Socratic Puzzles

Article excerpt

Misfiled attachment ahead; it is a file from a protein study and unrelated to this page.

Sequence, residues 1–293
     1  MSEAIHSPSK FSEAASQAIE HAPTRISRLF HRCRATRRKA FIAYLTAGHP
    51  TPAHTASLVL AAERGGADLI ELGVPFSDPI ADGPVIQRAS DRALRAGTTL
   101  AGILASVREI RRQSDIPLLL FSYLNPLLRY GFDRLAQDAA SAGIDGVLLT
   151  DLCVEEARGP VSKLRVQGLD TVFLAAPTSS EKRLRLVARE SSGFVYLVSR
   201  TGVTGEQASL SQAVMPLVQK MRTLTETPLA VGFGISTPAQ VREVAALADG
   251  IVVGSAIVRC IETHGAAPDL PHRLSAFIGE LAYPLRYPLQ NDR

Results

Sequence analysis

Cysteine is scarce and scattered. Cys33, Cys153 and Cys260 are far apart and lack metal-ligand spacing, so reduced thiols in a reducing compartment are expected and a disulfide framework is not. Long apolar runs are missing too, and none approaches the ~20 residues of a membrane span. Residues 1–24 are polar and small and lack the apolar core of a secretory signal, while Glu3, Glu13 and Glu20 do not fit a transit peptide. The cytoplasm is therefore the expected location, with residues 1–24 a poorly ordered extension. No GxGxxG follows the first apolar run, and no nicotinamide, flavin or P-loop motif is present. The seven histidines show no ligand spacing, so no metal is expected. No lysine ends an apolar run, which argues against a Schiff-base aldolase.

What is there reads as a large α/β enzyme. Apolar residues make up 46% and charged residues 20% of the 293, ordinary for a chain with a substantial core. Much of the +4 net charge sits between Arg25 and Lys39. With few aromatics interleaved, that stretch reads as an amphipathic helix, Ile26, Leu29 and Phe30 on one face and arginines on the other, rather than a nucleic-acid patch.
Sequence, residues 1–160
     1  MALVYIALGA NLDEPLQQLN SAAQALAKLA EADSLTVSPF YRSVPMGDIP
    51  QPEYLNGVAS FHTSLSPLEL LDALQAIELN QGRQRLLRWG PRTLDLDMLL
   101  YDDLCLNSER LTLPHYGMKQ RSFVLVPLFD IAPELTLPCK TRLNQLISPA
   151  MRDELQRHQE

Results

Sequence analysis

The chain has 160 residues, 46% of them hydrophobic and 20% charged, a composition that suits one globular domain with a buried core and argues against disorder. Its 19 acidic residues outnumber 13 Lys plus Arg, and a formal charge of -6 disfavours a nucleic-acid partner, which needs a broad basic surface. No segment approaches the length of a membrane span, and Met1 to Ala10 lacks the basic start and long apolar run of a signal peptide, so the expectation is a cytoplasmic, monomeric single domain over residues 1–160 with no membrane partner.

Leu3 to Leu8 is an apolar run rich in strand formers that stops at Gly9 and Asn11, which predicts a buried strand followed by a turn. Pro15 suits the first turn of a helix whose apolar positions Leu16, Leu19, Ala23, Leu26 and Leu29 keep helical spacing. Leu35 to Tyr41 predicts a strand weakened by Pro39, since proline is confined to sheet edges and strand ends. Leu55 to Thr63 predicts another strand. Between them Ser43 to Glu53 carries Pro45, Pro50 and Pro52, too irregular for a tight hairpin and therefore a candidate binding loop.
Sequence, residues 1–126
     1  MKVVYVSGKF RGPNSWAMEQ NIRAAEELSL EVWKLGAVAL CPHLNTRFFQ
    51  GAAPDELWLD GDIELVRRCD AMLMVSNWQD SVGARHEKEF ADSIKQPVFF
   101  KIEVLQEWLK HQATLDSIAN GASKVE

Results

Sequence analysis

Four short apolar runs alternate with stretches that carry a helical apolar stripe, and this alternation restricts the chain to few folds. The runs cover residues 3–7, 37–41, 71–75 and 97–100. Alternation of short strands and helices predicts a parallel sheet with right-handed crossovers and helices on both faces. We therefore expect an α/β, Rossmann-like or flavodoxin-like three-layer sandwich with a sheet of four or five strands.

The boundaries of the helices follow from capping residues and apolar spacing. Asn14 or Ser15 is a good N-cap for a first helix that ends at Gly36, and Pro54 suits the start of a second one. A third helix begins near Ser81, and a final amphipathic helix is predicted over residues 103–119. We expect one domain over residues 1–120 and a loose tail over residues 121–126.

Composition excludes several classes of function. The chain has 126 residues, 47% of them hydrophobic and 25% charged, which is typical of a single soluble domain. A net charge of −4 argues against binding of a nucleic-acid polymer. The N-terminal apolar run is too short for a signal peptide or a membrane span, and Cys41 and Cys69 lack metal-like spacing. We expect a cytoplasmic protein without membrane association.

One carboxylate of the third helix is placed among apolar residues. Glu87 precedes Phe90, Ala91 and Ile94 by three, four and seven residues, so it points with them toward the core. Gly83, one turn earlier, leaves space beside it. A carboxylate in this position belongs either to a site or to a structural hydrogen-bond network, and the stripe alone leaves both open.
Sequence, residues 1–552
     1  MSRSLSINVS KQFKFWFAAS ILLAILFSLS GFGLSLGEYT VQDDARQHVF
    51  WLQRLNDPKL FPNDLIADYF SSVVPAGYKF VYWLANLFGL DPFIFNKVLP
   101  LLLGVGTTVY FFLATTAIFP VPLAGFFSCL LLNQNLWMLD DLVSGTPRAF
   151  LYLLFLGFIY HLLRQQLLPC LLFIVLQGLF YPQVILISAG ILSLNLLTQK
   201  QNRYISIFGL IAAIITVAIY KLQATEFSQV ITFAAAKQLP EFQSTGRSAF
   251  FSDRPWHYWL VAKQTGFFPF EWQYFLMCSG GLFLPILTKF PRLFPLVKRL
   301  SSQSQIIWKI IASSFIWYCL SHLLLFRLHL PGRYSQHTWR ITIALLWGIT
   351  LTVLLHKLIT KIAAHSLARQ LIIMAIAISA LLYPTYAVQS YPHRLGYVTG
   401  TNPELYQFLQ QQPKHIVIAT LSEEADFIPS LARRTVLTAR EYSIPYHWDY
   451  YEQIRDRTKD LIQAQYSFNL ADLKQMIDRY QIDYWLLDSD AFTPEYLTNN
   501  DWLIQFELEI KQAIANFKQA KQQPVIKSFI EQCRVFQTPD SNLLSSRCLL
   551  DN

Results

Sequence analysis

NOZICK, Robert. Socratic Puzzles. Cambridge: Harvard University Press, 1997. viii + 400 pp. Cloth, $35.00--This collection of essays, all previously published, offers selections from the life work of Robert Nozick. The essays range widely both temporally, from 1969 to 1995, and topically, from an analytic study of coercion to thoughts on Socrates' profession of ignorance, to short "philosophical fictions." The themes and approaches will be familiar to those who know anything of Nozick's work. More than half the book is taken up by formal, analytic studies of topics of social, political, and moral significance. Questions about how we might decide between competing individual preferences, or what strategies of decision making are the most rational and/or effective, or even how we come to judge certain actions immoral, are treated with remarkable precision and the maximum amount of formal, symbolic aid. Indeed, the occasional page packed with little but probability matrices, set theory, and the like makes for slow and somewhat typographically intimidating reading. Yet in Nozick's hands these tools are well used, and offer to the patient reader both clarity and convincingness to a degree not likely to be available in another format. In fact, I think the formal essays offer the further advantage of being relatively self-contained, and thus fully accessible to anyone with sufficient education to read them (which, admittedly, means having at least some formal logic and/ or probability theory). In contrast, some of the less formal work ("Experience, Theory, and Language," for instance, on Quine's epistemology) relies on the reader having a great deal of philosophical education and experience. Here to be capable of reading the essay is not sufficient for understanding it; one must also have read a good deal of Quine, and maybe some Hilary Putnam and B. …


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